The next time you see a Chula Vista police officer coming your way, smile — you could be on camera.
That’s because the Chula Vista Police Department has been testing the use of body cameras since 2010, with the intent of fully rolling out the body cams for its more than 100 officers in the future.
Currently six officers carry the small device for testing after CVPD entered into a five-year contract with TASER, the creator of the cameras.
The cops who have the cams include a DUI officer, a canine officer, a field agent, a specialty unit officer, an officer from its gang and enforcement unit as well as a traffic officer.
Though it’s been in the works for four years, Chula Vista Police Capt. Lon Turner isn’t ready to announce a release date when every officer on the police force will add a camera to their arsenal.
“In terms of a full deployment we don’t have a timeline,” Turner said.
He said budgetary constraints and technological issues are delaying the full launch of the devices.
“It sounds like a really great and neat idea and it is, but there are a whole lot of issues that need to be resolved, as we found out over time,” Turner said.
Some issues Turner said include storage capacity and the dissemination of footage from the police department to the District Attorney’s Office.
Lt. Vern Sallee, who is in charge of the research and study of the cameras, said footage captured by the body cameras can make it easier in the prosecution of alleged criminals.
“Everything that an officer records is potentially evidence,” he said.
He said it will also protect police officers from false citizen complaints.
Salle said the miniature devices would be used in instances that require police enforcement action such as interviewing witnesses at crime scenes and in giving tickets.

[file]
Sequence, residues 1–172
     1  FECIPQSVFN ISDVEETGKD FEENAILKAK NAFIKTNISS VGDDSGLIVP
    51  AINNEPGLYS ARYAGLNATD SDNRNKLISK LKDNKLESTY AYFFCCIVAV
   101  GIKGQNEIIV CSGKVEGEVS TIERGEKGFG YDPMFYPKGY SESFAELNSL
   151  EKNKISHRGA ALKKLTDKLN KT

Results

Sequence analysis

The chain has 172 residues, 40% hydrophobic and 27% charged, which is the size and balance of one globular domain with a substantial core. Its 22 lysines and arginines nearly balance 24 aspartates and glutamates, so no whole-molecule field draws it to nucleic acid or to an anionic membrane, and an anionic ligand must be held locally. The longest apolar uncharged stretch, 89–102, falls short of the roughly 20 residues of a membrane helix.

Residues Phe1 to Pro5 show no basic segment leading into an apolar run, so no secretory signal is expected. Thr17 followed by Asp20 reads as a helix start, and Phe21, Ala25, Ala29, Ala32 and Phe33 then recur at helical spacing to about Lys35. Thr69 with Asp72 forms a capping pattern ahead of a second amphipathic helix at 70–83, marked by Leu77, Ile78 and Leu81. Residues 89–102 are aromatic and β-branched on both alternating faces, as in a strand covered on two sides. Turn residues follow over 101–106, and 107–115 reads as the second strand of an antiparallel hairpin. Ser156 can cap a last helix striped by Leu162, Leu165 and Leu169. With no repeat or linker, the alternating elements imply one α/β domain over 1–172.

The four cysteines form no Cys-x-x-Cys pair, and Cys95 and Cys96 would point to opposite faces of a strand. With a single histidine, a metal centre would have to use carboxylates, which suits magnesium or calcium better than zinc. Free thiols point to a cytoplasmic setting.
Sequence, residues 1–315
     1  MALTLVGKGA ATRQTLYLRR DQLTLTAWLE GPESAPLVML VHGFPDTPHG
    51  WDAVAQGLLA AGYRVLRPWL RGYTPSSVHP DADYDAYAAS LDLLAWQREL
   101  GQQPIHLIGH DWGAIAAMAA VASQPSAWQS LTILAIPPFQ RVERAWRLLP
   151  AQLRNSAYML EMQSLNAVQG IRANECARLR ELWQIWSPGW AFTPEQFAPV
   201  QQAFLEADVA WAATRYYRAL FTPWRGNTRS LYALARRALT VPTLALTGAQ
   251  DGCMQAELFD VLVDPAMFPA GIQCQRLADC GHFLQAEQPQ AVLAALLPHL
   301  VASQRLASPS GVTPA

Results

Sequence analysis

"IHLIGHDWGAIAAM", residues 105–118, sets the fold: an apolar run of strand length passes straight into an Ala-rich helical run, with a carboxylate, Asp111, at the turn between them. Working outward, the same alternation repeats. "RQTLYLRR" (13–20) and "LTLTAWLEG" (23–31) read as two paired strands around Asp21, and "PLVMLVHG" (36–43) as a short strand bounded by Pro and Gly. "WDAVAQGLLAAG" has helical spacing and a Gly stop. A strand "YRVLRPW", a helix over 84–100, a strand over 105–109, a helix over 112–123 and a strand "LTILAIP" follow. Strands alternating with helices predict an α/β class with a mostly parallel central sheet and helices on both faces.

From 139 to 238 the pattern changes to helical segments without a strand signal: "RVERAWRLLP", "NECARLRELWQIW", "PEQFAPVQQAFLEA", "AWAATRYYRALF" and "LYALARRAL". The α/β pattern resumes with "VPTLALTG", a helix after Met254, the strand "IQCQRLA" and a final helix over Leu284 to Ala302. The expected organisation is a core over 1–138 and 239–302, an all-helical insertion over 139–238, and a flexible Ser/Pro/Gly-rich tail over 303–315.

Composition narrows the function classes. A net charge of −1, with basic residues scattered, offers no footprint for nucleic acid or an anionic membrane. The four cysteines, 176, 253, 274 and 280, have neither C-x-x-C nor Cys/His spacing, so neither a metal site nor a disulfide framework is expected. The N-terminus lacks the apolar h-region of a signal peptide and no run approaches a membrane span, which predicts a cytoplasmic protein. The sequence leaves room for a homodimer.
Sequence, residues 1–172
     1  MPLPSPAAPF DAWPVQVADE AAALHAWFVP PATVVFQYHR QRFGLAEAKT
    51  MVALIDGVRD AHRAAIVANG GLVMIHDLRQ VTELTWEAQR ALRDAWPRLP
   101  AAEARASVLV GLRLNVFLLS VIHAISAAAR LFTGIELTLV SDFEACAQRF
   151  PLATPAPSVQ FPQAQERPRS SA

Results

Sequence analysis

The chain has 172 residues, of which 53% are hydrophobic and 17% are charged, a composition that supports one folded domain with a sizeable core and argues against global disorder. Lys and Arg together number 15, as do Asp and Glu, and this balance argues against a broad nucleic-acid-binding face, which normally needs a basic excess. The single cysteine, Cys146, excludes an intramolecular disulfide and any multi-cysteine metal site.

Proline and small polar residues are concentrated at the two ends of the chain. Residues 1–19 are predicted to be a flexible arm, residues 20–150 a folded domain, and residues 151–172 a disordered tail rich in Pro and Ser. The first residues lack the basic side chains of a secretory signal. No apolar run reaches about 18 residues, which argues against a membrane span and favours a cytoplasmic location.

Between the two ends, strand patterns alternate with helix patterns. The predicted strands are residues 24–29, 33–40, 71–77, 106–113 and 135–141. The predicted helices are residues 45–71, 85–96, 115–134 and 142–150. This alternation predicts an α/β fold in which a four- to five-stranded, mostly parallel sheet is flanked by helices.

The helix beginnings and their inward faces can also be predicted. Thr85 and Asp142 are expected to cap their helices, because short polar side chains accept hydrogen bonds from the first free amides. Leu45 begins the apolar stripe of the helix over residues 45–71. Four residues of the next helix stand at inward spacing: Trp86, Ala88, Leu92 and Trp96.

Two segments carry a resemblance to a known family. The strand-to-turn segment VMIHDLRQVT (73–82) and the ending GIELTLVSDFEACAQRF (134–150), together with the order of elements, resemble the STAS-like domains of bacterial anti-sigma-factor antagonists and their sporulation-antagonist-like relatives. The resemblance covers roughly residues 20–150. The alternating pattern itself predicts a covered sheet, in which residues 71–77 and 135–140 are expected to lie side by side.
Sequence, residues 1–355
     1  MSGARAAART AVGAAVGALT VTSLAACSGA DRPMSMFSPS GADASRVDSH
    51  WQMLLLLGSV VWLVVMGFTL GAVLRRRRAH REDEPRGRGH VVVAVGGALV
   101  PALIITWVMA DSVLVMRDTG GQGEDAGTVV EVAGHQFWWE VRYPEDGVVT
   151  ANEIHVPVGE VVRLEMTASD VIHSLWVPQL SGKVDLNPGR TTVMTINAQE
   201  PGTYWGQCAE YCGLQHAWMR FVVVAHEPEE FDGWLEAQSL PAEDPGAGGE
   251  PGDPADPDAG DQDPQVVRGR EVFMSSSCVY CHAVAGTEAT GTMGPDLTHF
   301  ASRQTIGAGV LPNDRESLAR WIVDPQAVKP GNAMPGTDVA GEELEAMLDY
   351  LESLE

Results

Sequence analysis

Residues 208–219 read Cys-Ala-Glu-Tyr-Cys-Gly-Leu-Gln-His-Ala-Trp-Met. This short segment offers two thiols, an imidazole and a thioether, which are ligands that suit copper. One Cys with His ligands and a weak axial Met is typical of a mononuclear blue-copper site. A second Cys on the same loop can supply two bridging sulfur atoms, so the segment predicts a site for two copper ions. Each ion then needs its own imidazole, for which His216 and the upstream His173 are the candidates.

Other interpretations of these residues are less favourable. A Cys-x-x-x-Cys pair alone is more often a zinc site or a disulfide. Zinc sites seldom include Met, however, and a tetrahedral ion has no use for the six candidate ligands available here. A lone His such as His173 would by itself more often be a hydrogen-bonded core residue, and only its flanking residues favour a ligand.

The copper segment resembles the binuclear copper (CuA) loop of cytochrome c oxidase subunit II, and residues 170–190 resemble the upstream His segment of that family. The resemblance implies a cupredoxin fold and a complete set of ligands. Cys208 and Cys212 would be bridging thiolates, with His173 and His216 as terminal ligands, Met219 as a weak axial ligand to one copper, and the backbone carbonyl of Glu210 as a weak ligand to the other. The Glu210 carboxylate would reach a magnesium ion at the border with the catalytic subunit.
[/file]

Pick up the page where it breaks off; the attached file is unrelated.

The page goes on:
He said a recording wouldn’t be needed in cases where a citizen would ask an officer for directions or in basic conversation.
Criminal defense attorney Mary Frances Prevost said the cameras would provide accountability on both sides of the law.
“This will make sure that fewer people will make false complaints (against officers), and cops will unfortunately have a monitor so that even the bad cops will have to behave themselves,” she said.
She said complaints against police officers go down about 80 percent when are cameras are present.
She also said it would put police officers under surveillance.
“Cops who otherwise might engage in misconduct will be more careful just because they know that there is an eye watching them,” she said.
Prevost sued the city of Chula Vista in two separate police brutality cases. She reached a $125,000 settlement recently for one of her clients, Dr. Eric Harris, who claimed a Chula Vista Police officer beat him following a concert in 2008.
Prior to that she settled with the city for $400,000 on behalf of a former Otay Ranch High School student who also said police beat him in 2008.
Recently, the use of a camera has benefited Prevost’s client in a case.